The Write Words
by Stuart Aken
These posts aim to help writers improve their language use. It’s easy to fall into bad habits; using redundancies, applying tautology, and employing clichés. Adverbs come easily, but is the verb you’re using the best for the piece? Suggestions here are the opinion of one writer: it’s worth remembering writing rules are guidelines rather than absolutes, so use your experience and judgment to determine how best to enhance your text.
Synonyms are alternative words that have the power to convey exactly what you’re trying to say.
Kill: we all know what this word means. Or do we? To end a life is a finality, after all. But this is a word that contains many other, subtle meanings. Among those listed in Roget’s Thesaurus are destroy, kill, hinder, victory, prohibit, and execute. Then there are six phrases that rely on this word: kill oneself, kill the fatted calf, kill the goose that lays the golden eggs, kill the pain, kill time, and kill with kindness, each of which has its own set of subtle variations.
Usage for Kill:
‘Jim was hungry. He told Jill he could kill for a hot beef sandwich.’ ‘Jamie was so irritated by the sounds from the neighbours she went round there and yelled at them to kill the noise.’ ‘If you shoot that gun, you’ll kill me. Is that what you want? The death of a fellow human, the ending of a potential you can’t even begin to understand, the cessation of a being you don’t even know?’
Cliché: a stereotyped or hackneyed expression; a phrase, opinion or other element of language that’s so overused it no longer holds power. However, clichés come into being because of their original and effective ability to describe a situation or quality in apposite terms. Their use should be sparing: in dialogue, they’re fine, providing the speaker would use them. They’re words or expressions we’ve all encountered more times than…Here, I might use a cliché to illustrate a cliché.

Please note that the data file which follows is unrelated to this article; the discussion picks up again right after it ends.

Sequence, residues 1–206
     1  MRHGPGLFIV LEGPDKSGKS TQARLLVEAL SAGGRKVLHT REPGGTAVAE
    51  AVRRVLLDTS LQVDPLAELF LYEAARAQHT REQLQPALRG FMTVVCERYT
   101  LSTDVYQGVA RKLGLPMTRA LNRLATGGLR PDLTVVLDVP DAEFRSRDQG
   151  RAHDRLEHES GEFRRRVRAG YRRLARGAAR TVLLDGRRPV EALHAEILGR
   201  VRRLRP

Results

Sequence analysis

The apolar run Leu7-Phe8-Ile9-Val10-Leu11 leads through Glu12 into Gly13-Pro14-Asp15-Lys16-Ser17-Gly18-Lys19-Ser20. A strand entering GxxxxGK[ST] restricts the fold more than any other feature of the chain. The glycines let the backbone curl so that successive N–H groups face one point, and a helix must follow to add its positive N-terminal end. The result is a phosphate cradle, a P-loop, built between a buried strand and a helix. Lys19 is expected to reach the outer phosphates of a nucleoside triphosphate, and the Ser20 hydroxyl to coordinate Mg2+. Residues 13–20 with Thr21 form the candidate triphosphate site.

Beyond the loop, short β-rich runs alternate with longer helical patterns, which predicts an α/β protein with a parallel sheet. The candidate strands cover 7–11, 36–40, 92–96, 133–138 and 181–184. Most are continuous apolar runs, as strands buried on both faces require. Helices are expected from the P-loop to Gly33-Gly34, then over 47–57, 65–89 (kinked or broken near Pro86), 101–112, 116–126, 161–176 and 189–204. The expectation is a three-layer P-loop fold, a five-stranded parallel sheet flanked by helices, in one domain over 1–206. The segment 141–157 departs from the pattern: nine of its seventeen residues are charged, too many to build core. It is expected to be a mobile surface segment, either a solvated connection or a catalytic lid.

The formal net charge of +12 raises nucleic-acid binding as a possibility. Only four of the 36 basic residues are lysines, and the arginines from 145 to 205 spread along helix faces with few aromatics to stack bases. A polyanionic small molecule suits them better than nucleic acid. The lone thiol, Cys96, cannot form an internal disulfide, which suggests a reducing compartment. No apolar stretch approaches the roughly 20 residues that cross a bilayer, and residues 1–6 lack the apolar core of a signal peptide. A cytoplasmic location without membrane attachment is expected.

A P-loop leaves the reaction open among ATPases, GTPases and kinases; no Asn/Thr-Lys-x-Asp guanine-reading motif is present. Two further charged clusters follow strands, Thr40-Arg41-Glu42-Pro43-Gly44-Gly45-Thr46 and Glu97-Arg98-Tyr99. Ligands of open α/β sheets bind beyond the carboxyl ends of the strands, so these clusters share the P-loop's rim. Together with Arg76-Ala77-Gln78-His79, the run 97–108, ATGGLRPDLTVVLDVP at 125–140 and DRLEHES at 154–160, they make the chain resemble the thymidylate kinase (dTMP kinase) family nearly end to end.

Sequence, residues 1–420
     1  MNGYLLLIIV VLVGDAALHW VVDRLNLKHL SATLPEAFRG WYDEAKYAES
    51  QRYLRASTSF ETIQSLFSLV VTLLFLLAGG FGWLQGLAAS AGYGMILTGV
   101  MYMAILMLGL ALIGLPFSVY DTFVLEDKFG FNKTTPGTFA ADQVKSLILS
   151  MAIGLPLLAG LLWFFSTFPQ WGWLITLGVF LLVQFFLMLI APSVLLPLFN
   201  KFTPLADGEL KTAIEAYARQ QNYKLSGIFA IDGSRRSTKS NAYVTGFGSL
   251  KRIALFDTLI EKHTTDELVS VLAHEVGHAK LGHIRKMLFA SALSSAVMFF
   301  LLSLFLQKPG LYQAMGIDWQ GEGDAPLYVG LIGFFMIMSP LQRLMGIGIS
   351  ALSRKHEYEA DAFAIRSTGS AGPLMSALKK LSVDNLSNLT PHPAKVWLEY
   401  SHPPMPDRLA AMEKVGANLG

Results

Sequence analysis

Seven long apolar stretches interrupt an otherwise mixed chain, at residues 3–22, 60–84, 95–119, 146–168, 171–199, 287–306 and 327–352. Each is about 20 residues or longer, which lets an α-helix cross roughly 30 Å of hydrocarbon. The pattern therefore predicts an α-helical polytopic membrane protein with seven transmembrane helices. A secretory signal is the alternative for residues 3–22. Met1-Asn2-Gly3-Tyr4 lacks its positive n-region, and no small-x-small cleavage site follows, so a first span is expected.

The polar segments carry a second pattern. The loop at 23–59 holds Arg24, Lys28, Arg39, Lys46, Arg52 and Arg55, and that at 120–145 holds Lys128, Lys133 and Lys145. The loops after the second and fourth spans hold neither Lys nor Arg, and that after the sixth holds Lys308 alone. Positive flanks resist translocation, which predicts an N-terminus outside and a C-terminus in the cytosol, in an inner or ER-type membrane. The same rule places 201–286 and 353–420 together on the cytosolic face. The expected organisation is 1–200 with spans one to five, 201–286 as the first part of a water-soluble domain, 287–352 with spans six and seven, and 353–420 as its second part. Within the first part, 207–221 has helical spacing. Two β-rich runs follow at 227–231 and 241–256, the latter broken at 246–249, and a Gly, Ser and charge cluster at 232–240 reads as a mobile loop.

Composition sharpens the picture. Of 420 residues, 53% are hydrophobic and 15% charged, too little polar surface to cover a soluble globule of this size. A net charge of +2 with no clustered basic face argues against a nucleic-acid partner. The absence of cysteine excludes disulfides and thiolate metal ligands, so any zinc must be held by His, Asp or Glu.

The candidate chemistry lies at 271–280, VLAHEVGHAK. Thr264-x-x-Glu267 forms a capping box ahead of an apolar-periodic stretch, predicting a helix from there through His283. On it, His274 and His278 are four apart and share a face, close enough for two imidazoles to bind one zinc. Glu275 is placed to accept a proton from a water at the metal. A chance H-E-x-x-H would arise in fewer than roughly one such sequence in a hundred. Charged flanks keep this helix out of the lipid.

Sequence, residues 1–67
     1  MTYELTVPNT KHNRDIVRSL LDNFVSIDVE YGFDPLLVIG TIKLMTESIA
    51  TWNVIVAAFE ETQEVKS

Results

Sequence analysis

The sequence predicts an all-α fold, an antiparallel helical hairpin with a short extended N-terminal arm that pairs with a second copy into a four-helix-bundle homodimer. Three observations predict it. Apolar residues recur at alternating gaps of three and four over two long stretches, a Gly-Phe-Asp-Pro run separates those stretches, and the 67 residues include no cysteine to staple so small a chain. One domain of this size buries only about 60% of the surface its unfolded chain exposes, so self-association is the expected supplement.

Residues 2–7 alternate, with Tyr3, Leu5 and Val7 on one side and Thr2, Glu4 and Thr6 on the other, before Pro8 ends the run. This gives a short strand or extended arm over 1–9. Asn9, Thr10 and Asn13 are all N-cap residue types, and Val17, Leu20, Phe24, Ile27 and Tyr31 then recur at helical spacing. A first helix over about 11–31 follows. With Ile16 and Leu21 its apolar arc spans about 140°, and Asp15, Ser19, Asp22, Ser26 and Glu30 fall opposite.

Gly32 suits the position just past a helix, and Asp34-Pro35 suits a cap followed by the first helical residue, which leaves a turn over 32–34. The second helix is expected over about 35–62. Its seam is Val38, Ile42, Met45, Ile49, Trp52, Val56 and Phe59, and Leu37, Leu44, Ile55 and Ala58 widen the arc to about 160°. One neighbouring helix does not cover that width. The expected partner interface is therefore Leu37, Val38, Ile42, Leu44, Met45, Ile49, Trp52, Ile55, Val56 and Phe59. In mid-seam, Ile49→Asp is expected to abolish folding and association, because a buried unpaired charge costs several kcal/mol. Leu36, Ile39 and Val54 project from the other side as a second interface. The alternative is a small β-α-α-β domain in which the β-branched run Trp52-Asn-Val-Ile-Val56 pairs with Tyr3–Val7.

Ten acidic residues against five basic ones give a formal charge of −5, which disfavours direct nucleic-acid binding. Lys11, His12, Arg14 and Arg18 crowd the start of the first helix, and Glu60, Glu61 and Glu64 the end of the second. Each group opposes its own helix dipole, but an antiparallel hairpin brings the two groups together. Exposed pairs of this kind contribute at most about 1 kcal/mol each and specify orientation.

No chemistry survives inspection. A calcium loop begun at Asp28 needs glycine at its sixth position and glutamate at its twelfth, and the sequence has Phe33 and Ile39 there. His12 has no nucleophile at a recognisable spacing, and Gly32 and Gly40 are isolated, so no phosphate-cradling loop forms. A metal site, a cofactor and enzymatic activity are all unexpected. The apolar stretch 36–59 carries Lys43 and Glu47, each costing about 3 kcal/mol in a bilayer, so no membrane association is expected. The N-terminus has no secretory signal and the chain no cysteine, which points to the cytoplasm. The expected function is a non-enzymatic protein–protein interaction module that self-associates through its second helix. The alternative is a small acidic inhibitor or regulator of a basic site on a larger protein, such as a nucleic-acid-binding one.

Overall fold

Know the score: this expression means to understand the reality of a situation, to know what ‘it’ is all about.
‘I know the score; you want me out of here, so you can take over and run the place in your own corrupt way.’ We could rephrase this without the cliché; ‘I know you want me out of here, so you can take over the place and run it in your own corrupt manner.’
Adverbs, as the word describes, are an addition to a verb. A strong verb always wins over an adverb propping up a weak one. Alternatively, a change in sentence structure can help to express the same idea in a better way.
Knowingly: something done knowingly is carried out with an awareness of the consequences of the action.
‘When Joe knowingly told his colleague the shift would start at 09:00 the next day, he was aware the man would arrive late and lose his job, giving Joe the chance to step up to the next grade.’ We can avoid the adverb by using a strong verb instead. ‘Joe lied about the start of the shift, making sure his colleague would arrive late and lose his job, and giving Joe a chance of promotion.’
About the Author
Stuart Aken, born to a homeless, widowed artist, in a neighbour’s bed, describes himself as a romantic, open-minded, radical liberal. Raised by a creative, loving mother and a step-father who educated him in things natural and worldly, he had what he describes as an idyllic childhood.
An author who refuses to be shackled by genre, he’s written romance, thrillers, sci-fi, humour, fantasy and an autobiographical, self-help memoir, aimed at sufferers from ME/CFS. His fiction is the only place he bends the truth and, after love, remains his raison d’être.